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English conservatories

30/08/20142 minute read

A conservatory is an extension or room that is usually attached to one side of the house using glass roof and walls. It is known by other names including greenhouse, sun-room, and solarium, among others. By Britain standards, a structure is considered a conservatory if at least half of its side wall area is glazed and at least three-fourths of its roof is glazed with translucent materials such as glass or poly-carbonate sheeting.

The first known English conservatories were made during the 16th century. They were owned by rich landowners who started cultivating citrus fruits which only normally grew in warmer regions such as lemons and oranges. For places that have cold climates such as England to enjoy tropical plants and flowers, there is a need to provide for the right environment through conservatories. Conservatories eventually served other purposes such as venues for tea parties, breakfast areas or simply covered areas in gardens.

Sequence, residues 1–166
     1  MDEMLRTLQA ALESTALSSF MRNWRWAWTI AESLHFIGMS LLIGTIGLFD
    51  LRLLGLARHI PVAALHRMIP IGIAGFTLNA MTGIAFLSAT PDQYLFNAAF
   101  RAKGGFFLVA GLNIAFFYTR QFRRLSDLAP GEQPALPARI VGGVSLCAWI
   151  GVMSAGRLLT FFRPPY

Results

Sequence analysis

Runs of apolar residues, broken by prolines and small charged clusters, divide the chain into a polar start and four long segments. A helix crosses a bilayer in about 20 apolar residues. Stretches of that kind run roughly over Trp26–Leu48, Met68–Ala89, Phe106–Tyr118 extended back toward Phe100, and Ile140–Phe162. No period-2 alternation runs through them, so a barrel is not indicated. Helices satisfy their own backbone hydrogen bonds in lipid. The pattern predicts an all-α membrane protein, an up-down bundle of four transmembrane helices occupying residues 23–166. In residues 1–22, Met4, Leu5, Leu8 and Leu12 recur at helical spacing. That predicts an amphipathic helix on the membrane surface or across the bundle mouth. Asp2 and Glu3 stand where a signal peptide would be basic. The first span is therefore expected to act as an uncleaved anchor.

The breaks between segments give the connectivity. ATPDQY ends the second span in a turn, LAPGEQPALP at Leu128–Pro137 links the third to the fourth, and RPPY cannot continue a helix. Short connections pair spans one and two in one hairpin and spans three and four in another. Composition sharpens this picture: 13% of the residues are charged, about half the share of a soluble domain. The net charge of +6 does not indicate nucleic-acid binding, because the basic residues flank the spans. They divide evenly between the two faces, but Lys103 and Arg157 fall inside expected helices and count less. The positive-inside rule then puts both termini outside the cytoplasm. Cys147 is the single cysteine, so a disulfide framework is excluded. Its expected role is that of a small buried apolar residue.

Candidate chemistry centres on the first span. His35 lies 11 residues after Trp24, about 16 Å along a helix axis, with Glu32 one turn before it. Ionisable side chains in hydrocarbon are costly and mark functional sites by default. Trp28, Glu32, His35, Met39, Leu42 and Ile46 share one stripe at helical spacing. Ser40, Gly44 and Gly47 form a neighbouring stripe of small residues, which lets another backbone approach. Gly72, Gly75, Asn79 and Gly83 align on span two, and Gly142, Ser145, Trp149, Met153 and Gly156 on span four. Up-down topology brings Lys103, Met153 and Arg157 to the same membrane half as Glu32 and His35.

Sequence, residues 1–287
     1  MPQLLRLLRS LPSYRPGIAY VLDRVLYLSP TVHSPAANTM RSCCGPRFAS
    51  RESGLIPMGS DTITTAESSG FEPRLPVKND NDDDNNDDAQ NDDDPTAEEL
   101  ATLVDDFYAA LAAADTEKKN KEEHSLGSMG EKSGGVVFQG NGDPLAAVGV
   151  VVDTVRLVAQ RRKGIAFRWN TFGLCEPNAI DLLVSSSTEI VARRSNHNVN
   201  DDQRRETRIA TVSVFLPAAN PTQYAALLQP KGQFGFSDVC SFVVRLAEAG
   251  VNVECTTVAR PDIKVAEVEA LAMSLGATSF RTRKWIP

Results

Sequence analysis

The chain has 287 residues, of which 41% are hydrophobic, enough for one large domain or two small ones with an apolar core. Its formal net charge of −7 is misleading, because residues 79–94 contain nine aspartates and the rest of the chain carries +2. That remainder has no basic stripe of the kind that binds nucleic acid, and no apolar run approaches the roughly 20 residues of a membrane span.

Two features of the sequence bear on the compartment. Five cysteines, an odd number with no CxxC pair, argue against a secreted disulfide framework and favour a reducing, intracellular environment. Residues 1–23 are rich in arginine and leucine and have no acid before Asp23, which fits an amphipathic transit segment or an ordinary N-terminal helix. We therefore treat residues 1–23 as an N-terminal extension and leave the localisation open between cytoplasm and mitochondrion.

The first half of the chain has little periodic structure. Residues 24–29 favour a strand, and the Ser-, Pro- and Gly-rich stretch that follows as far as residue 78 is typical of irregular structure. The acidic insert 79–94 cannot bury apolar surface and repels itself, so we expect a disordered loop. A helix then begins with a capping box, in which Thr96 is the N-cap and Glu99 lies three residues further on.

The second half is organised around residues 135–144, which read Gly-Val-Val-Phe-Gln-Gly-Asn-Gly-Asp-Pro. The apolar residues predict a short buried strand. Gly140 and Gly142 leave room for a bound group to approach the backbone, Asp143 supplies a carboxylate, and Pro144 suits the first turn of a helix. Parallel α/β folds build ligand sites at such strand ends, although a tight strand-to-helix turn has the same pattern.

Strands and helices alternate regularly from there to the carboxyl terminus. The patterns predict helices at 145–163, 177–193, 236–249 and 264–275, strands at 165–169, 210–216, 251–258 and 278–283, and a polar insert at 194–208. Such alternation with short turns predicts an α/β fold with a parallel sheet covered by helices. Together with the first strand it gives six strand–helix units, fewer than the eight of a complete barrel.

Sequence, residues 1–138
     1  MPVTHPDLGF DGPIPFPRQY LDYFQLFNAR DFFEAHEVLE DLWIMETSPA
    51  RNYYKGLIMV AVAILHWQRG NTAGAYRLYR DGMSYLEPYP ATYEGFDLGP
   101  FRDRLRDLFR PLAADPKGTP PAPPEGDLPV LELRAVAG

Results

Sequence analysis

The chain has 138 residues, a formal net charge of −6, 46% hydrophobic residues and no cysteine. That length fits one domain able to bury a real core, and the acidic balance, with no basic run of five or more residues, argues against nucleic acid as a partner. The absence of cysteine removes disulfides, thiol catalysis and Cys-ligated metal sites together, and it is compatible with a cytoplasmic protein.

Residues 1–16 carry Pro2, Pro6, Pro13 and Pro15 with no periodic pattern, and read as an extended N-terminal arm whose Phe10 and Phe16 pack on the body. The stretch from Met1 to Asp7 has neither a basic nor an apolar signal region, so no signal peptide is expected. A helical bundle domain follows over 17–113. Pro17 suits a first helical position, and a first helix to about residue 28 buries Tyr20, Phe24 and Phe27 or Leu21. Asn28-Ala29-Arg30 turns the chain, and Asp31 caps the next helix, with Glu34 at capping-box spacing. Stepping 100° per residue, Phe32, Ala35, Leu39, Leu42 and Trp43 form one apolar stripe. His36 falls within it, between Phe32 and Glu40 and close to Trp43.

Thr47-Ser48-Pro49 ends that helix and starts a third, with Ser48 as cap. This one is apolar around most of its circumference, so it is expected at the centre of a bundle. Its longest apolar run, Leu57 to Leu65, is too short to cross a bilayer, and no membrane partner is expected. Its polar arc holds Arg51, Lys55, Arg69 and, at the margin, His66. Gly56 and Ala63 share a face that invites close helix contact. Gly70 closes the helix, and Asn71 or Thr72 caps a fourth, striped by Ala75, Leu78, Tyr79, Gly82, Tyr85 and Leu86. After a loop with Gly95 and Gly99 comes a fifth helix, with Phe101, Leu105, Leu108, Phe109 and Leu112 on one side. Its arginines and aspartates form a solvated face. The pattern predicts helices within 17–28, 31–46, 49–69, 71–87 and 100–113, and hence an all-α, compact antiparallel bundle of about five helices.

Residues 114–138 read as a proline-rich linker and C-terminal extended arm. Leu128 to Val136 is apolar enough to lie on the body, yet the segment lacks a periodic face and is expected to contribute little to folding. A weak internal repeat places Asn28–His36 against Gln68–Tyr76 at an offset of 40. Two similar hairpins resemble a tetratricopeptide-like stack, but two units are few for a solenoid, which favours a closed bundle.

Modern conservatories are used to provide additional living spaces for many family homes. Early English conservatories had ornate Victorian structures. More practical but equally beautiful versions are offered by diy conservatory suppliers. This makes it possible to build one’s own conservatory with minimum fuss and at a lower cost. Customers can order straight from manufacturers.

The peak of conservatory building in England was during the 19th century. Construction of new ones stopped when World War II erupted. Some of the more prominent English conservatories include the Kew Gardens in Southwest London, the Chatsworth House in Derbyshire, the Eden Project in Cornwall, the Sym House in West London, and the Barbican Centre in Central London. The renewed interest in Victorian-style conservatories was seen during the 1970s and smaller versions for domestic use was widely developed using insulate glass. From then till now, conservatories are beautiful additions to any home.

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